“Securing the border has to be a top priority, which is why I have a standing request with the federal government for 1,000 Title 32 National Guardsmen who can support civilian law enforcement efforts to enhance border security in Texas. I have also requested predator drones be based in and operate over the Texas-Mexico border to provide essential information about criminal activity to law enforcement on the ground.”

    In the meantime, Perry will continue to authorize state funding and resources to enhance traditional border security efforts.

    There is no right or wrong way to solve this problem and I’m glad border states are trying different things. What works for one may not work for another, but ultimately these experiments will help us find workable solutions more quickly.

    — DRJ

    More South Park Fallout

    Filed under: Terrorism — DRJ @ 4:56 pm

    [Guest post by DRJ]

    A.W. has a new blog on a topic of public interest, especially if you watch South Park. Don’t miss one of the first cartoon submissions.

    — DRJ

    DeLay and Co-Defendants may be Back in Court

    Filed under: Crime,Politics — DRJ @ 11:52 am

    [Guest post by DRJ]

    After 8 years, Tom DeLay’s co-defendants may be back in court:

    “Co-defendants of former U.S. House Majority Leader Tom DeLay suffered a significant setback Wednesday in their quest to avoid a trial on charges that the trio conspired to launder corporate money during the 2002 elections.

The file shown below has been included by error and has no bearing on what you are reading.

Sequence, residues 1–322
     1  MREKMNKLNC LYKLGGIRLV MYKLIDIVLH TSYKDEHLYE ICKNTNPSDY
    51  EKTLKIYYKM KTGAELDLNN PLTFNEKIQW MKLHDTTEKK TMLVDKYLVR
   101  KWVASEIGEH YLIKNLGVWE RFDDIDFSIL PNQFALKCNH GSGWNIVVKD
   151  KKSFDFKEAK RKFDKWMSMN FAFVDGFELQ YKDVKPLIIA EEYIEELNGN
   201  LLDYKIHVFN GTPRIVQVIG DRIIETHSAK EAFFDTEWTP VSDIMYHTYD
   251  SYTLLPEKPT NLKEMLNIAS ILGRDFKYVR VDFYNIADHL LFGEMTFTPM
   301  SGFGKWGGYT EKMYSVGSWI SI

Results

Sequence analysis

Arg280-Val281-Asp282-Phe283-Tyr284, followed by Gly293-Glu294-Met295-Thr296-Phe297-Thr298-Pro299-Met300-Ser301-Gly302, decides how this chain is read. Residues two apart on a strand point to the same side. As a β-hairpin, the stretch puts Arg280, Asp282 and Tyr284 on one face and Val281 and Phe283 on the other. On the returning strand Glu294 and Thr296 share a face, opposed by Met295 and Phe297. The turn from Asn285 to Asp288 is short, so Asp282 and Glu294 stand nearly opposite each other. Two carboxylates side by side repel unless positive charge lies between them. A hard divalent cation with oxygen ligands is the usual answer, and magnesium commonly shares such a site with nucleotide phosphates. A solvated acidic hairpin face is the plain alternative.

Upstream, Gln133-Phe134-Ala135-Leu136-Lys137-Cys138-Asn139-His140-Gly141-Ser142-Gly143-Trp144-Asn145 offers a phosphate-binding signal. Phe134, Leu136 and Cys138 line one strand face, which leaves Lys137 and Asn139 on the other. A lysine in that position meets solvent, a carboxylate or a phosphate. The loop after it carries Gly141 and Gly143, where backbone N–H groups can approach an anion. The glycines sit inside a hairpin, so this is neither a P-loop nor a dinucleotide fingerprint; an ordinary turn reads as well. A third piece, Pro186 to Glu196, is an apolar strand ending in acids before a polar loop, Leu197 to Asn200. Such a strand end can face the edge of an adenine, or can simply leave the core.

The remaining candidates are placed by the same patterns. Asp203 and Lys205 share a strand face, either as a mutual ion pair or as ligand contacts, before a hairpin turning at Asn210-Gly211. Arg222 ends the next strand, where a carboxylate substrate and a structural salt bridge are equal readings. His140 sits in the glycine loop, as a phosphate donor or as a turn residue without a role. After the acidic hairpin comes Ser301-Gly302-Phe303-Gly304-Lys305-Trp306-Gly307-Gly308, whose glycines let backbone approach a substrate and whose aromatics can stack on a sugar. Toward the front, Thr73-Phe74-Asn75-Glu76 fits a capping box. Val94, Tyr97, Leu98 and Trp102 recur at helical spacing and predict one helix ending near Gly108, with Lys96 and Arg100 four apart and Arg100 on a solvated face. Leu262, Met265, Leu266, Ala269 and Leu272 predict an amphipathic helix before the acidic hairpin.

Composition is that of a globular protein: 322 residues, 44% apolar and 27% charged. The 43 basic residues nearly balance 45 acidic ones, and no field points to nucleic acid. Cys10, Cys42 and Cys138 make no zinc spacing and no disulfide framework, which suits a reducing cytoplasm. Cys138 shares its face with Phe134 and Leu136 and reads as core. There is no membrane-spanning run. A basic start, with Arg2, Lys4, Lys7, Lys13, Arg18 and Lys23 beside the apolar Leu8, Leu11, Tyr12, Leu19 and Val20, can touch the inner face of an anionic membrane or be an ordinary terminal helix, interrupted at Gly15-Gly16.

The Texas Court of Criminal Appeals unanimously ruled that the lower state 3rd Court of Appeals erred when it accepted the co-defendants’ arguments that the money laundering law did not apply to them because the funds involved were checks, not cash. The all-Republican court, in effect, said the lower court acted prematurely.

    The state’s highest criminal court also dismissed the defendants’ constitutional challenge that Texas’ law banning corporate donations was too vague or overly broad to be understood.”

    The article says DeLay is not a party to the rulings but is affected as a co-defendant. Thus, DeLay could be back in court, too.

    — DRJ

    Endless Boycotts

    Filed under: General — DRJ @ 11:23 am

    [Guest post by DRJ]

    Denver schools have banned their employees from traveling to Arizona. This whole boycott thing has William A. Jacobson confused. Me, too.

    — DRJ

    Headlines that Explain a Lot

    Filed under: General — DRJ @ 11:21 am

    [Guest post by DRJ]

    Beldar has today’s funnies from the Houston Chronicle.

    — DRJ

    Court: Bloggers Are Not “Real” Journalists

    Filed under: General — Patterico @ 4:20 am

    Jim Lakely on a troubling precedent:

    [A] New Jersey state appellate court last week ruled that a woman named Shellee Hale is not a “real” journalist, but just a blogger, so is not protected by the state’s shield law.

    I’m not a huge fan of shield laws, which can be overused at times. But I’m less of a fan of branches of government deciding who is a “real” journalist and who is not. The court pronounces: “Simply put, new media should not be confused with news media.” I would agree, but not for the reasons stated by the court. Lakely excerpts these quotes from the decision:

    “[Hale] exhibited none of the recognized qualities or characteristics traditionally associated with the news process, nor has she demonstrated an established connection or affiliation with any news entity.”

    “[Hale had] no connection to any legitimate news publication.”

    “… nor has [Hale] demonstrated adherence to any standard of professional responsibility regulating institutional journalism, such as editing, fact-checking or disclosure of conflicts of interest.”

    A parade of one-liners is struggling to escape my lips here. I’ll just turn the mike over to Lakely:

    That last one makes me guffaw. It was just bloggers who fact-checked the bogus story that got “real journalism” titan Dan Rather fired from CBS. In fact, bloggers have lately done a lot of excellent and valuable public-service journalism.